Sir Francis Drake
Sir Francis Drake's accomplishments as an explorer and naval strategist were unparalleled. His most notable feat was circumnavigating the earth from 1577-80, the first such voyage since Magellan's in 1522 and the only one up to that time captained by the same man from start to finish. Drake's expeditions to the Caribbean and the Pacific, undertaken during the circumnavigation and in subsequent voyages, revealed significant new geographical data about the New World and added greatly to Queen Elizabeth I's [1533-1603] treasury.
Assembled by Hans Peter Kraus and his wife Hanni in only twelve years, these materials reveal a great breadth and scope in the primary and secondary materials that concern Sir Francis Drake. Kraus was one of the foremost booksellers of the second half of the twentieth century. Born in Austria in 1907, he exhibited a precocious mind and a love of collecting from an early age—which soon turned to a love of collecting books. He became a bookseller under the traditional antiquarian Austrian guild system—first becoming an apprentice. In 1939, during the Nazi Occupation, Kraus and his family fled Austria for the United States. Within two weeks of his arrival in New York, Kraus met Hanni, his future wife and business partner. The couple established an antiquarian bookselling firm, H. P. Kraus, Inc., and amassed the stock and the connections needed for success. Their legendary firm opened in the early 1940s and did not close until 2003. The firm collected and sold many first rate editions.
In a 1968 James Ford Bell Lecture, Kraus explained how a chance comment
about the enormous profit reaped by Sir Francis Drake and Queen Elizabeth
from the around-the-world voyage piqued his interest and led him to study
Drake's life. The more that Kraus learned, the more fascinated he
became, and he resolved to put together a collection of contemporary materials
related to Drake and his journeys. In 1980 Hans and Hanni Kraus generously
donated their collection to the Rare Book and Special Collections Division
of the Library of Congress. The combination of the Library's other
rich collections from this period and the resources of the neighboring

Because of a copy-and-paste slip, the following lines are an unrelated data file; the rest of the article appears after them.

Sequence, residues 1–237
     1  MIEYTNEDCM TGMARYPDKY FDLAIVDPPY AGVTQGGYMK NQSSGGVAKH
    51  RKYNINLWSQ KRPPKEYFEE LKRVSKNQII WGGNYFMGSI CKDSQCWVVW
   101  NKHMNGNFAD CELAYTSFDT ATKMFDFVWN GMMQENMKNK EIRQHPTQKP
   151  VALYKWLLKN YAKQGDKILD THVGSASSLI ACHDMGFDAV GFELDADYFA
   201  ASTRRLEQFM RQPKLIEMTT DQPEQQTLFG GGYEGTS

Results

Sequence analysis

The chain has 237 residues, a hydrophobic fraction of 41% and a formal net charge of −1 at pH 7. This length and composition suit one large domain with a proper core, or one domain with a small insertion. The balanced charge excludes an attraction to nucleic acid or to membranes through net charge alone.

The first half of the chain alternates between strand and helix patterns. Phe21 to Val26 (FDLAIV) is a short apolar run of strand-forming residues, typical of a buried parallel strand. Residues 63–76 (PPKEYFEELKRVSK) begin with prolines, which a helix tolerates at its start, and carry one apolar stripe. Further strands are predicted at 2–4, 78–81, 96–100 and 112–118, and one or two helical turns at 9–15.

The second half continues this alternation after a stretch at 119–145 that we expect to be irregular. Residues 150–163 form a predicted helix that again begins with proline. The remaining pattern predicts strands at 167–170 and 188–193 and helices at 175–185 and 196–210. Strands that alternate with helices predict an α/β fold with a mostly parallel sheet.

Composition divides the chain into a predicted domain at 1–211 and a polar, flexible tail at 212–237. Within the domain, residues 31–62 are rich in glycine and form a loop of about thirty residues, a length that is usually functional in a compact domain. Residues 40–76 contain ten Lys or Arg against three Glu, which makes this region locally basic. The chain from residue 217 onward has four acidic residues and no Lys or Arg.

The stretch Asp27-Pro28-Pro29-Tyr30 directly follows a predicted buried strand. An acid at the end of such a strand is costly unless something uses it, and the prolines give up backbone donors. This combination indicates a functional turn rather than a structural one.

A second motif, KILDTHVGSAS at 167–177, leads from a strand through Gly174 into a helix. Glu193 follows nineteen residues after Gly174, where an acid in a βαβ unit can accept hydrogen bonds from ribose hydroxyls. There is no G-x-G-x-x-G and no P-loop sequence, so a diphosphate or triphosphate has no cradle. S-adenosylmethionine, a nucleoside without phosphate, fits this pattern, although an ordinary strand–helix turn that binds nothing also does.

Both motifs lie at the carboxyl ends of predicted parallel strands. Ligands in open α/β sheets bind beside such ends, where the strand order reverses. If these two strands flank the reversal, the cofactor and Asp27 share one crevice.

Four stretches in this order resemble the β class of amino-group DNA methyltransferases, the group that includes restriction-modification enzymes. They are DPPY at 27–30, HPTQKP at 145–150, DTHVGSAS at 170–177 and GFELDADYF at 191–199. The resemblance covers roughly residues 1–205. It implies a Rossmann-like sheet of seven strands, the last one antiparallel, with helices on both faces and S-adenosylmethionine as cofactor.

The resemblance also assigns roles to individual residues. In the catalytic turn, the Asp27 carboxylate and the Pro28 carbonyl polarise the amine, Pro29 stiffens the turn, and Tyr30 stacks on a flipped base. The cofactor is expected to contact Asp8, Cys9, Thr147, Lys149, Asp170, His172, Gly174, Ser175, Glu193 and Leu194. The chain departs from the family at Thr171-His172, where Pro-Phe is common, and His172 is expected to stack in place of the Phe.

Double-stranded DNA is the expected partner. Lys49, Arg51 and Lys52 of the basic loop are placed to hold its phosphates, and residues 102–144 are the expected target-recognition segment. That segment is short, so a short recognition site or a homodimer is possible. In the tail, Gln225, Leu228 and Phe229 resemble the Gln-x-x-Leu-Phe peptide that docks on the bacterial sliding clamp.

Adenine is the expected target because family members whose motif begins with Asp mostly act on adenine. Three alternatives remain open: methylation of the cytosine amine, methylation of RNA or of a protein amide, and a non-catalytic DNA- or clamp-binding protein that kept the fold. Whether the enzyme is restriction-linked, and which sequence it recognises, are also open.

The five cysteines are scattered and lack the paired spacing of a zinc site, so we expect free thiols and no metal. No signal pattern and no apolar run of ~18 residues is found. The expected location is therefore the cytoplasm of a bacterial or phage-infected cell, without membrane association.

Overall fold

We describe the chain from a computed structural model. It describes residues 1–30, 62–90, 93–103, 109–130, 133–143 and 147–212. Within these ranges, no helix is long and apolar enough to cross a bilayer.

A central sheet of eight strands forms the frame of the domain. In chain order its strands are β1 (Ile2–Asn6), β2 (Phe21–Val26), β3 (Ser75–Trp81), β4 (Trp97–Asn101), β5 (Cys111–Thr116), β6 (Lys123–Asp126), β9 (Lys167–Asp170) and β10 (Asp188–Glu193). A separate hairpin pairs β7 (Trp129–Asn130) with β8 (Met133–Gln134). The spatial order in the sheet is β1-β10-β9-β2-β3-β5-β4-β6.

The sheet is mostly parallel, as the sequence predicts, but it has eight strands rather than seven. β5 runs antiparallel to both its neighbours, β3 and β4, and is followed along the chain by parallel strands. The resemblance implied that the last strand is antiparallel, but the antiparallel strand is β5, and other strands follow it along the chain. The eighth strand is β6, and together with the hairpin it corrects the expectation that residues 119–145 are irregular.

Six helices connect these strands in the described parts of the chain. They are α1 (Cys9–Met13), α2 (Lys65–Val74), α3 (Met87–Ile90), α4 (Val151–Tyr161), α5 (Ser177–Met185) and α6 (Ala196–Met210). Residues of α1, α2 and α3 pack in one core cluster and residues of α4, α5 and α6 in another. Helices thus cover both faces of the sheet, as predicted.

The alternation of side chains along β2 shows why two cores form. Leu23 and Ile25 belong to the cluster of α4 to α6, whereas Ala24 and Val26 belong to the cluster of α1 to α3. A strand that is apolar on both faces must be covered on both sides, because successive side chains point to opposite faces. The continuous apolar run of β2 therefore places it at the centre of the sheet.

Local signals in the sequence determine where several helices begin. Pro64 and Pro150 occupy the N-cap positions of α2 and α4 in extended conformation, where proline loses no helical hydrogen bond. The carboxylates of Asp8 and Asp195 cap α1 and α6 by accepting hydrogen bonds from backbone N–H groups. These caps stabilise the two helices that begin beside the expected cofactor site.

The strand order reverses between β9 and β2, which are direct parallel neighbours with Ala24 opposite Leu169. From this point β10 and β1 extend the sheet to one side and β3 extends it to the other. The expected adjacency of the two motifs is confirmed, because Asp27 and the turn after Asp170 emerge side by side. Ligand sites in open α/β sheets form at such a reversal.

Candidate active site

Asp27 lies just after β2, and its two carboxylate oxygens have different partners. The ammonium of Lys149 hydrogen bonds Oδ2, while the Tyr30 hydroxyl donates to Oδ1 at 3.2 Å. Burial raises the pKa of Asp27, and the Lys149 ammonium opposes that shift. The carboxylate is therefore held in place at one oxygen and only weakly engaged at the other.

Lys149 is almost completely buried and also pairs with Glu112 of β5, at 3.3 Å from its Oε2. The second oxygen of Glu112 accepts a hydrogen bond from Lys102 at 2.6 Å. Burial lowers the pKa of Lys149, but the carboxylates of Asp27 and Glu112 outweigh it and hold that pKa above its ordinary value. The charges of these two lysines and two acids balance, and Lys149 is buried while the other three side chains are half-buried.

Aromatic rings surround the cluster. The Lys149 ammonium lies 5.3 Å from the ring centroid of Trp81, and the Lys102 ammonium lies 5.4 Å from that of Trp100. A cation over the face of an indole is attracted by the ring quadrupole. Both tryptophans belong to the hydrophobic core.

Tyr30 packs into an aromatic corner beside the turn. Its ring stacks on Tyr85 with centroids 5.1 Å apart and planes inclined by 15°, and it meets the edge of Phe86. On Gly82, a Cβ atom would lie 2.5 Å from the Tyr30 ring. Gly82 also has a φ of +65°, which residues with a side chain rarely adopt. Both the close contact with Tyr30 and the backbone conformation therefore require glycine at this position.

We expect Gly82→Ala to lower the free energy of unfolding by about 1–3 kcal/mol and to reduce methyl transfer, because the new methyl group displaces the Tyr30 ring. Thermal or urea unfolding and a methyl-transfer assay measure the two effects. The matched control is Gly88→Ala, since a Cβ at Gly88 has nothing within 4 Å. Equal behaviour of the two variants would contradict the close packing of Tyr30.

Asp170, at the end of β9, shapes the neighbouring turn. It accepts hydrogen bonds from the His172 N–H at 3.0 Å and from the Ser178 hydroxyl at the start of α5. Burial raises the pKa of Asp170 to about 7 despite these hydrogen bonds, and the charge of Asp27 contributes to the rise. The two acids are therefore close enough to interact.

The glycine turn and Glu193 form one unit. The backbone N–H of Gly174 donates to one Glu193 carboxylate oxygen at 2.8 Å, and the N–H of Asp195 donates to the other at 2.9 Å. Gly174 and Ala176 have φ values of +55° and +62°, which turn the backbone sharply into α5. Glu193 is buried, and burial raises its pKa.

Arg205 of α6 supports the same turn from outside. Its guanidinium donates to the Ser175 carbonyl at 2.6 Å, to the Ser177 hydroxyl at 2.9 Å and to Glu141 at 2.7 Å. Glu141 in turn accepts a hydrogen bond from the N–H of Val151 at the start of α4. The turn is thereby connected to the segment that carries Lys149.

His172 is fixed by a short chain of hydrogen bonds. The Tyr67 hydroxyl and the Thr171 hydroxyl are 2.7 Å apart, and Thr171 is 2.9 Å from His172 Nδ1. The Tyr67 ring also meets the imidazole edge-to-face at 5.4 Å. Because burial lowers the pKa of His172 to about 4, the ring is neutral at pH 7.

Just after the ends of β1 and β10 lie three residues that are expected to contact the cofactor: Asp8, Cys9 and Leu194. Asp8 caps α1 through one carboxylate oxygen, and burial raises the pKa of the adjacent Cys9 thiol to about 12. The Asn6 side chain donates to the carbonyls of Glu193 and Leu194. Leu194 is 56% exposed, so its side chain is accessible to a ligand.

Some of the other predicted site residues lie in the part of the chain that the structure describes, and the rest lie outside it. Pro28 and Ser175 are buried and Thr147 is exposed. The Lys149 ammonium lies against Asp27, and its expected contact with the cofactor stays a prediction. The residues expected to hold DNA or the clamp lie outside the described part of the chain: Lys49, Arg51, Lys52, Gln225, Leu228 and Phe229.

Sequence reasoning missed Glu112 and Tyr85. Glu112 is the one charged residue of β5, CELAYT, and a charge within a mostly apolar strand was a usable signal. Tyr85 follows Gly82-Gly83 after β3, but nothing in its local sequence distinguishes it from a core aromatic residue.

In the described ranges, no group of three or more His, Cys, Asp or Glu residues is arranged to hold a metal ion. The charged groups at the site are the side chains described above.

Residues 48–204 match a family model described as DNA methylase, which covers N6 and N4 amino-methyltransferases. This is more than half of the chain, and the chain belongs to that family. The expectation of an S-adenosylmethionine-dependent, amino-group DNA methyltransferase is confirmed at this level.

Folger Shakespeare Library make Washington a preeminent center for the
study of the Elizabethan era.
The Kraus Collection consists of 60 items--16 manuscripts, 29 books, 8
maps and views, and 7 medals and portraits. The materials range in date
from 1579 to 1765 and are written in English, Spanish, Latin, Italian,
German, French, and Dutch.
Manuscripts range in date from 1579 to 1603. They are mostly correspondence
between various governing officials and diplomats of the Spanish and English
crowns regarding Drake's activities in Spanish America and are written
in Spanish, English, Latin, and Italian. Many of the other documents concern
legal or financial topics, including the record of Drake's sale of a 71-year
lease of a house called the "The Herbar."
Books range in date from 1581 to 1695 and are published in Spanish, English,
Latin, German, French, and Dutch. Topics include general histories of
exploration, trade, and navigation on the high seas including Drake's
circumnavigation of the world. Other topics are of a more political nature
and either extol Drake's accomplishments or decry his plunders in
Spanish America. Still other accounts are biographies of the crowned heads
Queen Elizabeth I and King Philip II [1527-1598].
Maps and views
Maps and views range in date from 1570 to 1765 and were created by Spanish,
Belgian, and English cartographers. Spanish America is depicted with drawings
of fortresses and harbors as well as with maps of St. Augustine, South
America, and the West Indies. There are also drawings depicting the Spanish
Armada and the sea battles between the Spanish and the English. There
is also a map of the world with an engraving of Drake and a map of Devonshire,
Medals and Portraits
Medals and portraits range in date from 1583 to 1598 and are English,
Spanish, and Dutch in origin. Two engraved medals commemorate the defeat
of the Spanish Armada and two medals by Michael Mercator depict engravings
of the world. There is also an engraving of Drake on paper, a series of
portraits of sea explorers, and an oil portrait of Lord William Cecil
Burghley, Queen Elizabeth I's secretary from 1558 to 1572.